Study on the effect of L-Arginine on GH and IGF-1 expression

Once fertilization occurs with the formation of a zygote, cellular growth occurs continuously until death. Cellular growth is not a process limited to growing children or malignant tumors, it is in fact a highly intricate process involving cell division, proliferation, metabolism, and cell death. If any of the steps involving cellular growth is disrupted, it can result in pathological morbidity and early mortality. The growth of cells is regulated by growth hormone which in turn exerts much of its effects via Insulin-like Growth factor-1. The secretion of Growth Hormone occurs via the somatotropic cells present within the pituitary gland. GH then stimulates the synthesis of IGF-1 via the activation of a transcription signaling pathway in the liver. IGF-1 is responsible for many of the indirect effects of growth hormones on chondrocytes to stimulate bone growth, lean muscle growth, and organomegaly.



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L-arginine is a semi-essential amino acid that plays an important role in the promotion of growth hormone secretion during childhood and infancy. It does this by inhibiting somatostatin, which is a potent inhibitor of growth hormone-releasing hormone. In addition to this, L-Arginine activates the mTORC1 signaling pathway to stimulate the synthesis of protein by PI3K pathway secondary activation. L-Arginine also promotes cell growth and proliferation via alternative methods that are not well understood.

Study on the effect of L-Arginine on Growth Hormone and IGF-1

A study on the effect of Growth Hormone and IGF-1 secretion by L-arginine on pituitary cells and hepatocytes was conducted by researchers.


Researchers obtained GH3 and HepG2 cells from the Korean Cell Line Bank which were then cultured in 10% heat-inactivated fetal bovine serum with a combination of antibiotics  (1% penicillin/streptomycin). The GH3 and HepG2 cells were kept in a humid environment with 5 % carbon dioxide at a temperature of 37°C.

Quantitative PCR Analysis

Using an old method of extracting RNA, GH3, and HepG2 cell RNA was obtained via RNAiso Plus. The next step was the measurement of gene expression levels of cDNA which was synthesized from the extracted total RNA.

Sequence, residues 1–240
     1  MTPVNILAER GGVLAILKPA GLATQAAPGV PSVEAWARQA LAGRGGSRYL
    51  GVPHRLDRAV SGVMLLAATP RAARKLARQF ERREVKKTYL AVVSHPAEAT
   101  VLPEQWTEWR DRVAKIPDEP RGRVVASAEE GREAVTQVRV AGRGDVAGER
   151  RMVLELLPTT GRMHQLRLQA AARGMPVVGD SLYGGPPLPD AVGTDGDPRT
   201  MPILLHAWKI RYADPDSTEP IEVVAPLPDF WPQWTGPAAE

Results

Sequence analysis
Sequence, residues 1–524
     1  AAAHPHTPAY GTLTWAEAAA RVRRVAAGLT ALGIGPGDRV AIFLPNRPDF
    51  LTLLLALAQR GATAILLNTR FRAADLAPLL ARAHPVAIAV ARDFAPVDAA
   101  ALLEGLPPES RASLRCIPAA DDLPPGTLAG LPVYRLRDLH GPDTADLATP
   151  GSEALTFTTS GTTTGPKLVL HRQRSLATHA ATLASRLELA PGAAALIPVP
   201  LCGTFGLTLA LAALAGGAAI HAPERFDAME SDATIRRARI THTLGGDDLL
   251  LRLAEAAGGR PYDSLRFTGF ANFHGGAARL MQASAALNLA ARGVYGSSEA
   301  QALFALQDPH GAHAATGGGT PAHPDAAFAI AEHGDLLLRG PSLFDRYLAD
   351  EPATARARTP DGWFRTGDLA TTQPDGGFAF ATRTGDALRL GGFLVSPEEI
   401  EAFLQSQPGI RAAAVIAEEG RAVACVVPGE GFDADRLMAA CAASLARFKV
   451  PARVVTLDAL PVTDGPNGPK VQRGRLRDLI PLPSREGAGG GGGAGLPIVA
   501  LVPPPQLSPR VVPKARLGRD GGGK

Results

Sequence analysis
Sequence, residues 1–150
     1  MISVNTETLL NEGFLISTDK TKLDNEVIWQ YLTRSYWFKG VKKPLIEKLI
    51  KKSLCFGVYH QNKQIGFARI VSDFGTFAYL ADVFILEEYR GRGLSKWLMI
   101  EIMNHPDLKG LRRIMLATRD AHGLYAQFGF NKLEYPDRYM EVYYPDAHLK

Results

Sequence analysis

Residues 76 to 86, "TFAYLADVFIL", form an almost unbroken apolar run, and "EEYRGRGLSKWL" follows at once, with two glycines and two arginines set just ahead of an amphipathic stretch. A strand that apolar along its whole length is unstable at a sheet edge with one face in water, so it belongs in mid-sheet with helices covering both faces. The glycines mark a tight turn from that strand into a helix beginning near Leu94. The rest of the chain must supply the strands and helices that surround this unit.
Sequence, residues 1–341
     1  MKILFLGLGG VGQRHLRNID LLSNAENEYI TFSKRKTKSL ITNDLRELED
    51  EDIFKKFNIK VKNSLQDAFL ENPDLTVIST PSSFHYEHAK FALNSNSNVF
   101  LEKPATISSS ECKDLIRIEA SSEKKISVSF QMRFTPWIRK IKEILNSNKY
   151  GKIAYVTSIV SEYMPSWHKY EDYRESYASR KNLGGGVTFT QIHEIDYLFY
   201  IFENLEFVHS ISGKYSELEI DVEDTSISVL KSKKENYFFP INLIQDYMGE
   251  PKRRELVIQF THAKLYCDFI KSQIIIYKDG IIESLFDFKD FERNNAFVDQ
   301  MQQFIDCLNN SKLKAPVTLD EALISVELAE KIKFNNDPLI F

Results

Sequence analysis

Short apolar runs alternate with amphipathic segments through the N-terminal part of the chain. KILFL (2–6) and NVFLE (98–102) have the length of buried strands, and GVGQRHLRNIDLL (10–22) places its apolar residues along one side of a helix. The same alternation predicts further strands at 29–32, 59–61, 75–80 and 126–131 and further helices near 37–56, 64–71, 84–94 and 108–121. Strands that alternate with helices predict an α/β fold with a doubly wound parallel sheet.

GH and IGF-1 secretion Quantification

GH and IGF-1 concentrations were measured by employing ELISA. Cells were cultured in growth plates containing L-Arginine and estradiol for a total duration of 24 hrs. From the culture plate containing GH3 and HepG2 cells, GH and IGF-1 were measured quantitatively using a microplate reader.

MAPK signaling analysis

With a multi-target Enzyme-Linked Immunosorbent Assay, the overall effect of the amino acid L-Arginine on the signaling pathway MAPK was assessed.

Inhibitor treatment

The HepG2 cells cultured overnight were treated with L-arginine for 24 hrs with the conjugation of inhibitors of MEK, MAPK, and JNK. After 24 hrs, using quantitative PCR the total RNA was extracted from the culture.

Read Also: HGH Benefits: What to Expect From Using Human Growth Hormone

Results of the Study

Quantitative analysis of the GH3 cells discovered the increased expression of GH mRNA when GH3 cells were grown with L-Arginine. Similar findings were seen in HepG2 cells with increased expression of IGF-1 in cells grown with L-arginine. This finding confirms the effect of L-arginine on the expression of GH and IGF-1 genes.


Effects of l-arginine on growth hormone and insulin-like growth factor 1



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